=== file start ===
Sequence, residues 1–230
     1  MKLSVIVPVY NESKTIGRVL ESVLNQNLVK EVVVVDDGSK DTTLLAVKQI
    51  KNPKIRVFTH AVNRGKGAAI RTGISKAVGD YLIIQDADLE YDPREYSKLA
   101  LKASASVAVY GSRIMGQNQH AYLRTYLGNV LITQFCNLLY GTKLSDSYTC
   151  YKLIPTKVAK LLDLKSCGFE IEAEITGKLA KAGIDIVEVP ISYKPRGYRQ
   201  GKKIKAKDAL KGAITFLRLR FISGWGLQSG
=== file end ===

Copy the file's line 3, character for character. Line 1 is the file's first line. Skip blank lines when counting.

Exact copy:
    51  KNPKIRVFTH AVNRGKGAAI RTGISKAVGD YLIIQDADLE YDPREYSKLA